Swine flu paranoia: Mumbai doctors warn against self-medicating, say it is harmful
Mumbai doctors said the irrational use of medicines could lead to drug resistancemumbai Updated: Aug 04, 2017 13:29 IST
After a swine flu patient being treated at Parel’s KEM Hospital died, medical staff attending to him decided to medicate themselves. Nurses and ward boys at the hospital’s surgery department who had come in contact with the patient desperately sought out medicines, even though none had developed swine flu symptoms.
Mumbai doctors, however, have said that this is not a good idea and have warned against the irrational use of preventive medication. They have strongly advised that people who do not develop symptoms of swine flu patient, should not take medicines such as Tamiflu. They said the irrational use of medicines could lead to drug resistance.
- Symptoms include fever, chills, a sore throat and runny nose.
- As these are similar to symptoms of common flu, the illness often goes undiagnosed.
A senior doctor from the hospital, who did not wish to be identified, said swine flu has created a lot of panic among the hospital staff.
“The nurses and ward boys got prescriptions for Tamiflu from their department doctor. But, they should not take the medicine if they don’t show symptoms of swine flu within 10 days of contact with the patient,” he said.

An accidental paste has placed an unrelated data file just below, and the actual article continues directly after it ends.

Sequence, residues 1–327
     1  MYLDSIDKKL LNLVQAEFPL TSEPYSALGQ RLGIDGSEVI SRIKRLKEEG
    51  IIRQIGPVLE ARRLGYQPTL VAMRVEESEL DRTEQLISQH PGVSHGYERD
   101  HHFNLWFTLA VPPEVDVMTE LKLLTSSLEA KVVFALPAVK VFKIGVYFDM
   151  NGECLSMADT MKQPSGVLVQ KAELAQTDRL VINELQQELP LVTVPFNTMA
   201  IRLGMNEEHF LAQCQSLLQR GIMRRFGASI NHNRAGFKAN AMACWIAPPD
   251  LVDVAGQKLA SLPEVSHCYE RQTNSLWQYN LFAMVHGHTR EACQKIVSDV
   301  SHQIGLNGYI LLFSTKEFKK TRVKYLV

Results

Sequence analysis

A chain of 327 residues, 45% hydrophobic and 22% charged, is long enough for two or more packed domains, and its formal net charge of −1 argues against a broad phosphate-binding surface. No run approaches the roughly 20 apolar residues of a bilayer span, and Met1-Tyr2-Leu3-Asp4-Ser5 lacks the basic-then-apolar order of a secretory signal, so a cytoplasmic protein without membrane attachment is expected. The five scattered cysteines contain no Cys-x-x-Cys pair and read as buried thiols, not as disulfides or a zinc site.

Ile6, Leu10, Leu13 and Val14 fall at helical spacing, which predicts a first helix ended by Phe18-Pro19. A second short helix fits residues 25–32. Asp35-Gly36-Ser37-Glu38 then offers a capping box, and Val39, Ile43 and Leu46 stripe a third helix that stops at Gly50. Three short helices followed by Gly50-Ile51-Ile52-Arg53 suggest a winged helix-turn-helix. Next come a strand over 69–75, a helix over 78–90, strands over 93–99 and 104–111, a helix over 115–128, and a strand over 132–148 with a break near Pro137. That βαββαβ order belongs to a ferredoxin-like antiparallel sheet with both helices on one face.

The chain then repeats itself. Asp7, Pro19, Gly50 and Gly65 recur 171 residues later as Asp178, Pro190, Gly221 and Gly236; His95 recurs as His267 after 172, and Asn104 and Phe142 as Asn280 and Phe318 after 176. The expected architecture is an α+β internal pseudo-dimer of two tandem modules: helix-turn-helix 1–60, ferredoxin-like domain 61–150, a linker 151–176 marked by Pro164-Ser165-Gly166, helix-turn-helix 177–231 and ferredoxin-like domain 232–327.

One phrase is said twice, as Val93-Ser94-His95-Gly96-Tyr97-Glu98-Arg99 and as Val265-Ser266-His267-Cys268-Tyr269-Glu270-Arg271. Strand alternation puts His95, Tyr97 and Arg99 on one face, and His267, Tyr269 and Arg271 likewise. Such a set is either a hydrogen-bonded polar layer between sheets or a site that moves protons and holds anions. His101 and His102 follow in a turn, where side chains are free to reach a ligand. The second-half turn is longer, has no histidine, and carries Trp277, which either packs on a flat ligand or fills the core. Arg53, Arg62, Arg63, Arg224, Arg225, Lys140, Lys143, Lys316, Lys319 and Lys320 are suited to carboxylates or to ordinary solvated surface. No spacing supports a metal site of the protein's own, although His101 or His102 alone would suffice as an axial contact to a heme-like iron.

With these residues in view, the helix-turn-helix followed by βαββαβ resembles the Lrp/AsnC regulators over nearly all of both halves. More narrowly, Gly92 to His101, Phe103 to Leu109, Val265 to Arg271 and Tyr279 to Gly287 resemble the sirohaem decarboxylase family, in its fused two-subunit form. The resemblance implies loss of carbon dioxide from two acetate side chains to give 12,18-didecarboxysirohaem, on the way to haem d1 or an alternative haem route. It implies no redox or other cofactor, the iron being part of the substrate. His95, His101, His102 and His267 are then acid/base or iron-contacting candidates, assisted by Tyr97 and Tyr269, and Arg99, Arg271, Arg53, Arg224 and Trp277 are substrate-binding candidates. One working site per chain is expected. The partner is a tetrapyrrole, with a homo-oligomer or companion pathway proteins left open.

Dr Avinash Supe, dean, KEM Hospital said he did not know if his staff were self-medicating. Instead, he said nurses and wards boys were offered swine flu vaccinations, but many refrained from taking them.“ We can’t force them to take the vaccines,” he said.
Dr Anita Mathews, infectious disease expert at Lokmaniya Tilak Municipal General Hospital, Sion said prophylactic treatment was regularly offered to people during the 2009 H1N1 pandemic. However, it is not offered anymore.
“The World Health Organisation (WHO) does not recommend prophylactic treatment for swine flu,” she said.
This year, swine flu claimed 322 lives in the state, including 25 in Mumbai. Dr Om Srivastava, a city-based infectious disease specialist, said it was important to get vaccinated. “High-risk people such as diabetics, patients with cardiovascular diseases, pregnant women and hospital staff must take the vaccine,” he said.